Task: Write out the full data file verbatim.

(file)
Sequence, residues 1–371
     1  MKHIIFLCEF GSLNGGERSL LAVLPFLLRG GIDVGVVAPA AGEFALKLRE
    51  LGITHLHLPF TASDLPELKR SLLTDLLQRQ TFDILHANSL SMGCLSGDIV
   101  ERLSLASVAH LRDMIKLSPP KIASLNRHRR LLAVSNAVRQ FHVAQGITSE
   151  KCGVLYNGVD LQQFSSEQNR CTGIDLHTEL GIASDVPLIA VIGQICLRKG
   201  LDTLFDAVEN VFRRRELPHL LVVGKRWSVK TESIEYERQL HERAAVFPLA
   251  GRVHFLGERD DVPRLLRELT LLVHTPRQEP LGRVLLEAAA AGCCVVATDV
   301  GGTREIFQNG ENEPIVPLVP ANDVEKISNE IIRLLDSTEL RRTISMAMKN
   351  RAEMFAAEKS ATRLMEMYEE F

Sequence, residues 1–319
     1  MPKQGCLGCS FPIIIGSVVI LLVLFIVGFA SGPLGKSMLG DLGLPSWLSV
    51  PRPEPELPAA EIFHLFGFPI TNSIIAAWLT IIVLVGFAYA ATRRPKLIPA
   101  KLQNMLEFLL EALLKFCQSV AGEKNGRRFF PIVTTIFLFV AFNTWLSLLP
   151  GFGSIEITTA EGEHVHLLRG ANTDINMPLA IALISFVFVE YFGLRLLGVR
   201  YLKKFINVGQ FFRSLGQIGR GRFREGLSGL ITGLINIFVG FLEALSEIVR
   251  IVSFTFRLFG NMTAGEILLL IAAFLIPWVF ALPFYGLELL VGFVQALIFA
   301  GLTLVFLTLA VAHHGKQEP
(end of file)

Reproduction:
Sequence, residues 1–371
     1  MKHIIFLCEF GSLNGGERSL LAVLPFLLRG GIDVGVVAPA AGEFALKLRE
    51  LGITHLHLPF TASDLPELKR SLLTDLLQRQ TFDILHANSL SMGCLSGDIV
   101  ERLSLASVAH LRDMIKLSPP KIASLNRHRR LLAVSNAVRQ FHVAQGITSE
   151  KCGVLYNGVD LQQFSSEQNR CTGIDLHTEL GIASDVPLIA VIGQICLRKG
   201  LDTLFDAVEN VFRRRELPHL LVVGKRWSVK TESIEYERQL HERAAVFPLA
   251  GRVHFLGERD DVPRLLRELT LLVHTPRQEP LGRVLLEAAA AGCCVVATDV
   301  GGTREIFQNG ENEPIVPLVP ANDVEKISNE IIRLLDSTEL RRTISMAMKN
   351  RAEMFAAEKS ATRLMEMYEE F

Sequence, residues 1–319
     1  MPKQGCLGCS FPIIIGSVVI LLVLFIVGFA SGPLGKSMLG DLGLPSWLSV
    51  PRPEPELPAA EIFHLFGFPI TNSIIAAWLT IIVLVGFAYA ATRRPKLIPA
   101  KLQNMLEFLL EALLKFCQSV AGEKNGRRFF PIVTTIFLFV AFNTWLSLLP
   151  GFGSIEITTA EGEHVHLLRG ANTDINMPLA IALISFVFVE YFGLRLLGVR
   201  YLKKFINVGQ FFRSLGQIGR GRFREGLSGL ITGLINIFVG FLEALSEIVR
   251  IVSFTFRLFG NMTAGEILLL IAAFLIPWVF ALPFYGLELL VGFVQALIFA
   301  GLTLVFLTLA VAHHGKQEP